When Manufactured Landscapes hit theatres in 2006, the fascinating study of artist Edward Burtynsky was showered with praise and awards. Now, its acclaimed director is hoping lightning will strike twice.
With her latest documentary, Jennifer Baichwal is poised to repeat success for her paradoxical examination on fate and chance in Act of God (in theatres next Friday).
Exploring the casualties of lightning, Baichwal discovers everyone from a CIA assassin who died (only to be resurrected) to a Cuban community that emphatically ritualizes Shango, the god of lightning.
“When you’re dealing with something so ephemeral — a lightning strike can be one-one-thousandth of a second and yet it can carry millions of volts of electricity — there’s something about capturing that,” said Baichwal. “How do you take a subject that is not normally treated in (an artistic) way and focus on the metaphysical instead of the physical?”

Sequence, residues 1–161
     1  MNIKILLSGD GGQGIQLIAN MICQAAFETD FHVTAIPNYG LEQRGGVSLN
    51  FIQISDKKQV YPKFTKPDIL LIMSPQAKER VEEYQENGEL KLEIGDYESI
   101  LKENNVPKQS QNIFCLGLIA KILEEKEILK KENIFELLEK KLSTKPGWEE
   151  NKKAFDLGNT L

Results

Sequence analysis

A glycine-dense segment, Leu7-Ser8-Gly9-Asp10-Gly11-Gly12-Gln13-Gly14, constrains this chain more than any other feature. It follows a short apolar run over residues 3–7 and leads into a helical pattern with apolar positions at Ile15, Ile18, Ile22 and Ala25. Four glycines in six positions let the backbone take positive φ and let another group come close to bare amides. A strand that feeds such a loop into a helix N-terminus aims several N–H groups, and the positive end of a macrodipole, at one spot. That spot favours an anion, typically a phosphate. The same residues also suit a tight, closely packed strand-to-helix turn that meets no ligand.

In the case of Act of God, Baichwal and her cinematographer husband, Nick de Pencier, set out across the globe to meet those affected by the random act — if not capture it themselves.
“We just carried the camera around for two years and whenever there was a storm, we would start shooting,” laughed Baichwal. “There was always that question, ‘Well, are we both going to die out here in the storm or maybe I should go inside?’”
Surviving their global trek (and capturing some wonderful images along the way), Baichwal edited her footage into an intriguing examination of being touched by something so incredibly random.